Baby boomer statistics show that an unprecedented rise in the proportion of the world’s old people will be the century’s defining demographic trend.
“Something unprecedented and irreversible is happening to humanity”. The Economist – 27 March 2004
The United States Census Bureau considers a baby boomer to be someone born during the birth boom between 1946 and 1964.
There are no precise dates for these demographic cohorts (groups that are considered to have common defining characteristics). But it is generally understood that the baby boomers are the post 2nd World War generation.
They preceed Generation X – born between 1965 and 1976-1980 andGeneration Y or Millennials born somewhere from the late 70's to 2000.
Generation Y are also known as Echo Boomers as they are the offspring of the baby boomers.
With the aging of the baby boomers there is, for the first time in human history, the situation where the proportion of elderly people (aged sixty or over) surpasses the proportion of under-fives.
Western countries are facing a demographic tidal wave. According to UN estimates, the elderly people in the world today constitute about 9 per cent of the total population. By the year 2025 the population of elderly persons is likely to reach 22 per cent of the total population.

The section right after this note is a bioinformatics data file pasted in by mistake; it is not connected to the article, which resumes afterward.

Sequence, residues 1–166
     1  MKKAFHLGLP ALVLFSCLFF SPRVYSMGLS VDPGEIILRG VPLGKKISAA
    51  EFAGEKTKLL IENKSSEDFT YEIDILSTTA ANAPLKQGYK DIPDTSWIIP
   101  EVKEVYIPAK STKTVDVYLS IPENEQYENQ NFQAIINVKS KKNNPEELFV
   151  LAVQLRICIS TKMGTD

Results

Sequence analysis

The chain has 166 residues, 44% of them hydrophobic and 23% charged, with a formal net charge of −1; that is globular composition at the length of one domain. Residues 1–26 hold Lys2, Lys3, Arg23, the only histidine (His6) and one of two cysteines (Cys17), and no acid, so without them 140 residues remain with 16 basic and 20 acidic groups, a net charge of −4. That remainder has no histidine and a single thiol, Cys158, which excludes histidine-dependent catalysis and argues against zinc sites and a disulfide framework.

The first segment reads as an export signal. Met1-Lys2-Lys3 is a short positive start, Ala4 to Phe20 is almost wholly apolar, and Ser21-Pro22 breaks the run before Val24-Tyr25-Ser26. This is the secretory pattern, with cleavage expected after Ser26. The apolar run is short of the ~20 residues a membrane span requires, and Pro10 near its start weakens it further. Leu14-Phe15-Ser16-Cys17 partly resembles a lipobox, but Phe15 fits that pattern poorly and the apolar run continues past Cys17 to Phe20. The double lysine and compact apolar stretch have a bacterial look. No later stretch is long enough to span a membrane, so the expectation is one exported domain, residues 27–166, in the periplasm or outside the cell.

The same baby boomer statistics trend exists in China but their problems have been compounded by their one child policy which was introduced in 1979. This led to a significant reduction in birth rates and an imbalance between the number of males and females.
In China children traditionally take care of their parents and grand parents. In future they are going to find this much harder.
Theoretically it is possible for one Chinese youth to have to support himself, two parents and four grandparents. Often referred to as the “4:2:1” phenomenon.
Baby boomer statistics indicate that we'll have to find new solutions as more and more changes overwhelm our world. Traditional economic models are being invalidated. In the US alone there are about 80 million baby boomers or over 25% of the population.
Considering this, one can fully understand the concern that the ex-chairman of America’s Federal Reserve Board, Alan Greenspan, has about this situation “we will almost surely be unable” to meet the demands on resources.
The increasing number of retired and semi-retired will be compounded byextended life expectancy.
If we analyse the impending baby boomer statistics of the aging situation through the century, there emerges another interesting feature.
Firstly we subdivide the elderly population in to ‘younger old’ (those below 75 years) and ‘older old’ (those above 75 years). We then analyse the composition of the elderly population as it is likely to unfold in the next 25 years.
The ‘older old’ will steadily swell in greater numbers than the ‘younger old’.
It will mean that at national levels there will be a growing number of ‘older old’ persons to be taken care of, with all their related costs.
To meet the growing challenges of the baby boomer demographics this generation will be called on to be as innovative and creative with theirretirement planning as they were in meeting the challenges of their younger years.